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22nd Dec, 2021

Rebecca Harris
Rebecca Harris
Job Title
Service Development Executive and Health and Wellbeing Expert, Reed Wellbeing

Working as a manager can be both rewarding and challenging at times. Try these 12 self-care strategies to keep you on top form for leading your team.

1. Learn to switch off – switching off and calming the mind after a busy day can be difficult… but only until you’ve found a technique that works for you, then it’s easy. To help compartmentalise your job to work hours, create a physical cue that signals it is now time to ‘switch off’. For example, change into different clothes, attend a fitness class, go for a walk, put on some music to help you wind down.

2. Prioritise – not everything is urgent. Learning to prioritise is a great way to reduce feelings of stress. A good place to start is asking yourself these three questions:

  • Does this task absolutely need to be done today?

  • Does this need to be done by me?

  • Does this need to be done at all?

Once you have established this, make a to-do list. Allow time for unexpected tasks to crop up and avoid planning every minute of every hour.

3. Rest – there can be a perception that rest is unproductive time, in fact rest is quite the opposite. Resting is essential to restore the energy needed to remain productive and complete tasks. The amount of rest needed will depend upon your own individual circumstances and lifestyle. Take a moment to reflect on how rested you are feeling in general. Next, consider what small steps you could take to help incorporate more rest into your day-to-day life. For example, take small regular breaks throughout your working day to remind you to slow down.

4. Connect with others – sharing problems or concerns and asking for help is important when looking after your wellbeing and managing feelings of stress. A problem shared is a problem halved, as the old saying goes!

5. Move more – moving your body throughout the day and giving your eyes a break (if working on a computer screen) will help you to stay alert and focused as well as boosting circulation.

Try this 20:20:20 technique:

  • Every 20 mins, walk away from your desk

  • Look at something 20 feet away

  • For 20 seconds

This helps to relax your eye muscles and get you moving.

6. Find your thing – what activity really absorbs you and gives your mind a break from wandering off to worries? Is it learning a new skill e.g. playing the drums? Cooking your favourite meal? Reading a good book? Find what’s right for you – just make sure it is something that really engages your attention.

7. Laugh – laughter is the best medicine - it’s true. Laughter helps to manage your stress response and release feel good hormones which are great for promoting positive feelings of wellbeing. Watch a comedy show, spend time with friends/family who make you laugh, play games – whatever you find funny.

8. Hug – a 20 second hug can complete the stress cycle. Find someone (who wouldn’t mind you hugging them) for 20 full seconds. There is evidence to show that close physical contact and an embrace, such as a hug can complete the stress cycle. Of course, take into account Covid-19 considerations when hugging.

9. Keep a brag file – reflecting on your achievements is a great way to boost positive feelings of wellbeing for yourself. A ‘brag file’ is a place where you can keep a record of your achievements – note the date and detail the achievement and take time to reflect on these. This can be particularly helpful on more challenging days to give you a feel-good boost.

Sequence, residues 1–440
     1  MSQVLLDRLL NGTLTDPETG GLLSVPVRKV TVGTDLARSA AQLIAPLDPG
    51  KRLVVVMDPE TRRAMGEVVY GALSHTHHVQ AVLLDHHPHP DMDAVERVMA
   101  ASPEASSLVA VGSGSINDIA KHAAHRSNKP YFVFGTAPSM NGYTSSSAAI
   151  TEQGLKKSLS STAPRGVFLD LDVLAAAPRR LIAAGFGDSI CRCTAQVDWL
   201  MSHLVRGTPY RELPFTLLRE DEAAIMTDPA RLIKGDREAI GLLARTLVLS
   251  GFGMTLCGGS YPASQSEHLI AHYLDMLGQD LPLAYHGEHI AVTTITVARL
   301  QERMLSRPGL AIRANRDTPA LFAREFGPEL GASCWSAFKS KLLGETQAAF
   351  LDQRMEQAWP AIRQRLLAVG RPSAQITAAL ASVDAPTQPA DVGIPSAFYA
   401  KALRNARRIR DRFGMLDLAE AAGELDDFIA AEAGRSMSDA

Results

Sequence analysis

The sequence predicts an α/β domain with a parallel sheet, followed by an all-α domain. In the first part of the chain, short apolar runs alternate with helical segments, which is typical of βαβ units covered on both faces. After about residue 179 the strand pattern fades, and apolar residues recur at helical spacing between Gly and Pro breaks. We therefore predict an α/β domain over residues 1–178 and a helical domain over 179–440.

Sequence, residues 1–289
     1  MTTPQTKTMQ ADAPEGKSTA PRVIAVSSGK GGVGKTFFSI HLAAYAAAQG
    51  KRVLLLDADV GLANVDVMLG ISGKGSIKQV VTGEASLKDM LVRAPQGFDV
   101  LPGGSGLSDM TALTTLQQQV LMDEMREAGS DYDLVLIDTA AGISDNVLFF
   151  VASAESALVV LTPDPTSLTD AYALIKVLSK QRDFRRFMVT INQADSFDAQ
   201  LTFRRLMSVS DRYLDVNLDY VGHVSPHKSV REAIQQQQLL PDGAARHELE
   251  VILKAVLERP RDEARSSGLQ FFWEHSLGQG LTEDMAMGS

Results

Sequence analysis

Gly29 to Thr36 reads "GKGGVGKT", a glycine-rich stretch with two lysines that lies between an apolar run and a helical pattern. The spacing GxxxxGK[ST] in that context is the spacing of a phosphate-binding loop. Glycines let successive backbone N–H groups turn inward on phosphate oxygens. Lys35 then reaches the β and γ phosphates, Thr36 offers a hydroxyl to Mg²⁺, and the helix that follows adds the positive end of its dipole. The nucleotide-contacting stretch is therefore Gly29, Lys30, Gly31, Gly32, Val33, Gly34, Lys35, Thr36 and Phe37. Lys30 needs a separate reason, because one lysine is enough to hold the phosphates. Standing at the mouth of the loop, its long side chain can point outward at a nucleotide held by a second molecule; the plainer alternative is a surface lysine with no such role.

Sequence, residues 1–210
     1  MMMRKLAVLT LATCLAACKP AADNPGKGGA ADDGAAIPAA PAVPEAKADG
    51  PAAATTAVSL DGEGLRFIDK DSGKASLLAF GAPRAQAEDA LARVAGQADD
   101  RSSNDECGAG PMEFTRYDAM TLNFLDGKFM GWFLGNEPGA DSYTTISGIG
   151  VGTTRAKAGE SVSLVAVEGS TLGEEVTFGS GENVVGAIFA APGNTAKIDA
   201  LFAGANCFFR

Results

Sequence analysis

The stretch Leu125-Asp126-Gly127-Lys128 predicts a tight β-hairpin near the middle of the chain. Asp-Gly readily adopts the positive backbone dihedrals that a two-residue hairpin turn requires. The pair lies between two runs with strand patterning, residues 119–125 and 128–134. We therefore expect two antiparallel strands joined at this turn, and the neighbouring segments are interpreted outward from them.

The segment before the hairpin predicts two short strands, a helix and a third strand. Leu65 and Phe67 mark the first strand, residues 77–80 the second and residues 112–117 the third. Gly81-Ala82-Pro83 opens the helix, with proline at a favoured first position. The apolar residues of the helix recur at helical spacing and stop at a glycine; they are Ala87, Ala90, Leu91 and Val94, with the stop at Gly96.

10. Hydrate – staying hydrated is important to support your overall wellbeing. Adequate hydration is essential to maintain a variety of processes in the body and functioning of organs. It also helps to lubricate joints and eyes and maintain healthy skin and good digestive functioning.

Don’t wait to drink until you feel thirsty, by the time we feel thirsty the body is likely to already be dehydrated. Always keep a bottle of water with you so hydration is available. Eat your water – foods such as courgettes, tomatoes, melon and cucumber are over 90% water and contribute to overall fluid intake.

11. Sleep – treat sleep as another tool in your toolbox. Sleep helps to repair the body and mind and is essential for good wellbeing. If looking after your sleep is within your control, try these behaviours that promote a good night’s sleep:

  • Avoid screens at least one hour before bedtime (the blue light released by screens inhibits the sleep hormone, melatonin)

  • Exercise earlier on in the day rather than in the evening as exercise can act as a stimulant

  • Complete a relaxing activity such as having a bath, meditation, or gentle yoga before bed

  • Block out light sources where possible

  • Have a note pad near the bed to write down any worries or to-do lists to help calm your mind before sleep

12. Nourish – Food is more than fuel. Taking the time to prepare and savour your food is an act of self-care and can be considered a form of mindfulness practice. The key is to tune into your senses when preparing and eating your food. Notice how your food smells, sounds, tastes and feels. This will heighten your experience and enjoyment of the food, nourishing your mind as well as your body.

Give these 12 self-care strategies a go and find out what works for you. If you want further support with self-care strategies, and advice on how to turn them into sustainable habits, Reed Wellbeing offers a tailored habit formation webinar delivered by wellbeing experts. To find out more about Reed Wellbeing.